Opportunities in Education

The logo of OSCE

The Office for Democratic Institutions and Human Rights (ODIHR) of the Organization for Security and Co-operation in Europe (OSCE) has recently announced a unique opportunity to aid in widening the breadth of scholarship and educational material related to anti-Semitism. The OSCE is an organization which “works for stability, peace and democracy for more than a billion people, through political dialogue about shared values and through practical work that contributes to sustainable progress.”

This opportunity is within the framework of ODIHR’s Words into Action (WIA) project.  WIA focuses on identifying key classroom challenges when addressing anti-Semitism across the OSCE region, and formulating practical recommendations for educators to address these challenges. This program helps with a review of existing literature, the implementation of recommendations and changes, and the drafting of “aide–mémoires” for secondary school teachers. WIA intends to offer secondary school teachers with strong backgrounds in pedagogy a chance to help change educational practices in the face of rising anti-Semitism.

For this new opportunity in regards to WIA, ODIHR is seeking a qualified organization (private or public) to develop full course curricula and guidance materials for primary, secondary and vocational pre-service teacher training. The call builds on advice received in a recent consultation meeting in Paris. ODIHR is looking only for a simple “Expression of Interest” now, and will move to the next stage (getting the full package of applications, proposals, quotes, and documentation) in September-October, with the intention of selecting and contracting by the end of 2017.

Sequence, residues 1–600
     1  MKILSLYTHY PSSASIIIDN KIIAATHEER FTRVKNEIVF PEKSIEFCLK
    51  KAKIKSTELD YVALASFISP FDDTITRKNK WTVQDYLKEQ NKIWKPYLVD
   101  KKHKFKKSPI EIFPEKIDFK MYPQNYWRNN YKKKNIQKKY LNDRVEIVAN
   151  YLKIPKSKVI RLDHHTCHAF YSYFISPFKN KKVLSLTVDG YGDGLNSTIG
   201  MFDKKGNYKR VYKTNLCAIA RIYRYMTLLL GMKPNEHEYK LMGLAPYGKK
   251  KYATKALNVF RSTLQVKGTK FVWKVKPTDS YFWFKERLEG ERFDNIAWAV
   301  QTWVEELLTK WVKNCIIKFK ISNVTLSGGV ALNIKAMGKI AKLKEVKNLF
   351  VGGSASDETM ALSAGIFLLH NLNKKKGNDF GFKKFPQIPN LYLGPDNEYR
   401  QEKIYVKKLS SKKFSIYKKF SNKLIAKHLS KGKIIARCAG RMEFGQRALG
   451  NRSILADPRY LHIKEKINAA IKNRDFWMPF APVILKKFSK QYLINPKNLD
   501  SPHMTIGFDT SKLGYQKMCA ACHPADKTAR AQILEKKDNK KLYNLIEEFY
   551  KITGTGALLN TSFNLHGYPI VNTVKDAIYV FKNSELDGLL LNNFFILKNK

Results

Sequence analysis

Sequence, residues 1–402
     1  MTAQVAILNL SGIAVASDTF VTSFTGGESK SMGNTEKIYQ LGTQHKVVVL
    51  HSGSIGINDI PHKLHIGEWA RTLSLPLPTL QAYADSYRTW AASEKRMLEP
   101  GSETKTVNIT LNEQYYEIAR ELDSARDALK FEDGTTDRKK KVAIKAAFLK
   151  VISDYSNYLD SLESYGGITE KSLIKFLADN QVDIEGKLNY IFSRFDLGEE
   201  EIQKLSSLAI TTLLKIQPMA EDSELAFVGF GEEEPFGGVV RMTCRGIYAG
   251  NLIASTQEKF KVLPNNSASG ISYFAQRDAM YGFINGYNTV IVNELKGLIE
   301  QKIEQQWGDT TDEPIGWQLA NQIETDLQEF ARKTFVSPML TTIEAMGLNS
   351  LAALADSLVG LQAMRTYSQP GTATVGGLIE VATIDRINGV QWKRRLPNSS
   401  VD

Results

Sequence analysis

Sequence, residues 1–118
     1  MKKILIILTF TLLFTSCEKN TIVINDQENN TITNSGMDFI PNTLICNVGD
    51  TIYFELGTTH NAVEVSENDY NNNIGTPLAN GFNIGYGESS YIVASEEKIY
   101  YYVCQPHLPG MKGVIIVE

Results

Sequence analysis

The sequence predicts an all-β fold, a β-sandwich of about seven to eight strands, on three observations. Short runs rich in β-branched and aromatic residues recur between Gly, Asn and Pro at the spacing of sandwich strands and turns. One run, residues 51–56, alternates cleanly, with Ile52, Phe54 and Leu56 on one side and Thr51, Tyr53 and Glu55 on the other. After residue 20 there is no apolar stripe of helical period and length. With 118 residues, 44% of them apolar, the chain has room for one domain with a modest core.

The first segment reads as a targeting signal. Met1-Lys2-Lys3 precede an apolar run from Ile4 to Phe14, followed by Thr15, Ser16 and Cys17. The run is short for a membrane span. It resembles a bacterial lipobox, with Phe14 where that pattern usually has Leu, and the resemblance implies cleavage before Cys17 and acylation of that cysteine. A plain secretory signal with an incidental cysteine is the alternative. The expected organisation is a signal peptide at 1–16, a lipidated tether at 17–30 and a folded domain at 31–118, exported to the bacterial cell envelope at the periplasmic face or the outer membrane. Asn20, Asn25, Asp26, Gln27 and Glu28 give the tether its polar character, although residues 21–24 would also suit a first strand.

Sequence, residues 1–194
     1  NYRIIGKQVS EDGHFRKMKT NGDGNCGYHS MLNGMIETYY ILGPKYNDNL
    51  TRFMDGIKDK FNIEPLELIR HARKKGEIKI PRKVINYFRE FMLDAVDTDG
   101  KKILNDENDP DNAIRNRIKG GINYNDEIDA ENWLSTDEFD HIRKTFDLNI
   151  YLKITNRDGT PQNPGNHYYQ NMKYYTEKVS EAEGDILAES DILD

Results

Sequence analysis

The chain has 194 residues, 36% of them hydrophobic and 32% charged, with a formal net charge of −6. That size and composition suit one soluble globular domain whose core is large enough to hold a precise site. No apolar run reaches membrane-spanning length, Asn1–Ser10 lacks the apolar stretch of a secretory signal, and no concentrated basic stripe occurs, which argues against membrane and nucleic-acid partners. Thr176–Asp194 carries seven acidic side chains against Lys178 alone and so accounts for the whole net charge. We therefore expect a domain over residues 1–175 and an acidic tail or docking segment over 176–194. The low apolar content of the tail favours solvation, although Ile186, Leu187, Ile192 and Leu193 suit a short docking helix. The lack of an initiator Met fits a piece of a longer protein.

The deadline for applications is Wednesday, September 14, 2017.  The work on the curricula should start in January 2018.

More information can be found here:  http://www.osce.org/odihr/334321

SJP Sanctioned at UC Irvine

ucilogoFollowing years of disruptive behavior by the University of California at Irvine (UCI)’s chapter of Students for Justice in Palestine (SJP), UCI announced last week that it has sanctioned SJP “with disciplinary probation for two academic years.” The university’s action follows steadfast action by several organizations that have spoken up for UCI’s Jewish and pro-Israel students, including the Louis D. Brandeis Center, StandWithUs (SWU), Students Supporting Israel (SSI), and the AMCHA Initiative.

This probation follows SJP’s May disruption of an on-campus discussion sponsored by UCI’s chapter of SSI. The May 10 SSI event featured five Israel Defense Forces (IDF) reservists, appearing on behalf of “Reservists on Duty,” a group of Israeli reservists who attend campus meetings to discuss IDF policy. The SSI meeting was interrupted repeatedly by shouting, chanting, and other verbal disruption by the students affiliated with SJP. Several of the interruptions featured profanity, including the SJP members repeatedly screaming “F-you” at the IDF reservists. Videos of the exchanges were captured by Gary Fouse, a retired UCI instructor who has done much to chronicle anti-Israel and anti-Jewish activity on that campus over the years.